• Scope of Collections
  • Criteria for Selection
  • Responsibility for Selection
  • Gifts and Donations
  • Evaluation, Weeding and Maintenance
  • Access to Collections
  • Intellectual Freedom
  • Challenged Materials
Facilities Use
  • Hours of Operation
  • Accessibility
  • Building Security
  • Meeting Room Use
  • Exhibits and Displays
  • Bulletin Boards and Materials Distribution
  • Patron Behavior
  • Unattended Children
  • Copiers and Other Equipment Use
  • Emergencies and Disasters
Community Relations
  • Public Information and Publicity
  • Friends of the Library
  • Partnerships and Cooperative
  • Volunteers
  • Suggestions and Complaints
Materials Use and Circulation
  • Borrower Eligibility
  • Confidentiality of Patron Records
  • Loan Periods and Renewals
  • Requests for Items Unavailable
  • Holds on Items Owned
  • Requests for Purchase
  • PINES and Interlibrary loans
  • Reserved Materials
  • Overdue Fines
  • Charges for Damaged and Lost Materials
  • Reference and Special Collections
Computer Access and Use
  • Internet Safety Policy
  • Printing Charges
Services Offered
  • Free
  • Fee-based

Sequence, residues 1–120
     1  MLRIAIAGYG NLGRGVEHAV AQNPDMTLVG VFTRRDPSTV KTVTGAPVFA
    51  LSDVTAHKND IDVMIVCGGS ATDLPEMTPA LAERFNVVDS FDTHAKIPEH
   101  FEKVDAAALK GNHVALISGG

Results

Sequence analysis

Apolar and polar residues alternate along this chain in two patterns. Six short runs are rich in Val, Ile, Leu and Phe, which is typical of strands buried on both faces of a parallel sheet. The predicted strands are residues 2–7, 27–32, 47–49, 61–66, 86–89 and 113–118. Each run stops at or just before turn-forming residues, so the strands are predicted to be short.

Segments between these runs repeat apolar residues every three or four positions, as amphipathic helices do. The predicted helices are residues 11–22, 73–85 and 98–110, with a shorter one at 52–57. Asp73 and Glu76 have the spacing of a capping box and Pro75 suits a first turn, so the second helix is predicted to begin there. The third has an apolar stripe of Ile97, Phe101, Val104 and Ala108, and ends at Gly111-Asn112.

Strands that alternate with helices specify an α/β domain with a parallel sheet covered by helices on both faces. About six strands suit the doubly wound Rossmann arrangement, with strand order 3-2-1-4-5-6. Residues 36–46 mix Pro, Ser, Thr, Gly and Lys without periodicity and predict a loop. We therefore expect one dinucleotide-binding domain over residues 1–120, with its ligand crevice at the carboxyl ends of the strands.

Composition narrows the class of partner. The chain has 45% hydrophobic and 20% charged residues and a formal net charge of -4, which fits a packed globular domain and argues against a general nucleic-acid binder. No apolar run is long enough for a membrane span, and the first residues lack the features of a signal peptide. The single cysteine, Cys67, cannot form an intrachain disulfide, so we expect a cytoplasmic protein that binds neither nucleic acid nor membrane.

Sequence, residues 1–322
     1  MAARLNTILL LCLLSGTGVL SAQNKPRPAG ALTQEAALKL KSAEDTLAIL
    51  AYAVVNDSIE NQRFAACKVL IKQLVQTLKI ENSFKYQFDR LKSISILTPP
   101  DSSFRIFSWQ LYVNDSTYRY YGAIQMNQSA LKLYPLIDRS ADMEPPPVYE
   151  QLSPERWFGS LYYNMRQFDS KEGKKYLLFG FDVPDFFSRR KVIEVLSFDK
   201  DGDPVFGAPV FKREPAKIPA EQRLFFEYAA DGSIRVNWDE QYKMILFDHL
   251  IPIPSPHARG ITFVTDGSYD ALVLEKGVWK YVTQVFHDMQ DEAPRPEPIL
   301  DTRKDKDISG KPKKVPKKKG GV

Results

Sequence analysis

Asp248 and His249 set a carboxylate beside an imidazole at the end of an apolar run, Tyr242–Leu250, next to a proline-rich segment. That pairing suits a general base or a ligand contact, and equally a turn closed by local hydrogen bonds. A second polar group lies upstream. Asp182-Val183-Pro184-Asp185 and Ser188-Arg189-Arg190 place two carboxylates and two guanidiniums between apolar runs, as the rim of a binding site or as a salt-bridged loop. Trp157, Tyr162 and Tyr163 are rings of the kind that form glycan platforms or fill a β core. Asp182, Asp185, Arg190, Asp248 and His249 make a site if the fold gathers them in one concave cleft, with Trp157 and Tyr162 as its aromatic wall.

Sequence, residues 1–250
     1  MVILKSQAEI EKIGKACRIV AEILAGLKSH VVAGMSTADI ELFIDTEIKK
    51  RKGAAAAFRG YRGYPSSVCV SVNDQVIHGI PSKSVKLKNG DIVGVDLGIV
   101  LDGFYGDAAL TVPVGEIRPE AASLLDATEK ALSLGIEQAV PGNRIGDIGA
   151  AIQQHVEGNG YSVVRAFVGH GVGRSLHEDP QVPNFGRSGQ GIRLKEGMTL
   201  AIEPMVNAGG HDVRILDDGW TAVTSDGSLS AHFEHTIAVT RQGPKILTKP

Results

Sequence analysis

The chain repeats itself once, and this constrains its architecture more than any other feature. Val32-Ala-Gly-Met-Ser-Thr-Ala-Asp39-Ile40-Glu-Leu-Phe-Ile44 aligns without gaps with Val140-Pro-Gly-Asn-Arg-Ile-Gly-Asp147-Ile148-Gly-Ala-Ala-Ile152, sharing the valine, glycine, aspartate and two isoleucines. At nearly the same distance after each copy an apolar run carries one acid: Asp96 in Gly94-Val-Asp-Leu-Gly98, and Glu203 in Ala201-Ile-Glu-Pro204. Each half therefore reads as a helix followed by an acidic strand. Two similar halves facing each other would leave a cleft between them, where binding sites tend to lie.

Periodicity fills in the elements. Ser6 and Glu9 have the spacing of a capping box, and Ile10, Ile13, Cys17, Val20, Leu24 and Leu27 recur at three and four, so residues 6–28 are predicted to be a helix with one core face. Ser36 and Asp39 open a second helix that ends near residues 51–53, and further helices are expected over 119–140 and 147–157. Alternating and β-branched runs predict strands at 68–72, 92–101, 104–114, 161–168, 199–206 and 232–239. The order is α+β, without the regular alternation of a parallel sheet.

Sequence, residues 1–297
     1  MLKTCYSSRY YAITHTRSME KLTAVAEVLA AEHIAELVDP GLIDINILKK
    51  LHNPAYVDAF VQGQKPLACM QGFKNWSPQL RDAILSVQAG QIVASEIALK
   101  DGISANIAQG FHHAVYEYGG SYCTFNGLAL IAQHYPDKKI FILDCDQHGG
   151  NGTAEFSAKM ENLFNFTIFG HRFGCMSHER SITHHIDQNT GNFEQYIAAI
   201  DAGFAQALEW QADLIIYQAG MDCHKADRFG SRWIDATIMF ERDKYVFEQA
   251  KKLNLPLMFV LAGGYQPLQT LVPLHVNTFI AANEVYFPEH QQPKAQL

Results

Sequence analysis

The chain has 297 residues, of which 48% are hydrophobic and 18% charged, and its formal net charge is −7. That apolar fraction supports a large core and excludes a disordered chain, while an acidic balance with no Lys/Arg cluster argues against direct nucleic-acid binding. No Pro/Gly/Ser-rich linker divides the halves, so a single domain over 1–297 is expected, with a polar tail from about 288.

Internal Policies

Board of Trustees Policies
  • Authority
  • Constitutions and Bylaws
  • Appointments
  • Roles and Job Descriptions
  • Meetings
  • Officers
  • Risk Management
  • Ethics
  • Job Classifications and Descriptions
  • Salary Schedule and Benefits
  • Employee Recruitment, Selection, Appointment
  • Equal Opportunity/Affirmative Action
  • Working Conditions
  • Chain of Command
  • Evaluation, Discipline and Termination
  • Separation
  • Grievances
  • Association Memberships, Workshops and Travel
  • Budget and Funding
  • Financial Reports
  • Purchasing
  • Contracts and Bidding
  • Investments
  • Audits
  • Bonding
  • Insurance
  • Gifts
  • Capital Assets
  • Inventory
  • Surplus Property
Source: //Tools for Trustees: The Georgia Public Library Trustee Manual//by Lyn Hopper

SD Library Policies online

Alexander Mitchell (Aberdeen)
Brookings Public
Freeman Public
Hot Springs Public
Huron Public
Madison Public
Mitchell Public—some policies listed under “Library Information” link:
Rapid City Public Library
Sturgis Public

Tech planning policy
Add links to ALA’s Library Bill of Rights, Restricted Access to Library Materials, Confidentiality of Library Records, Challenged Materials, Free Access to Libraries for Minors, Access for Children and Young People to Videotapes and Other Non-print Formats, Labeling, Expurgation, Evaluating Library Collections, Exhibit Spaces and Bulletin Boards, Meeting Rooms, Diversity in Collection Development statements? Many of these are interpretations of the Library Bill of Rights.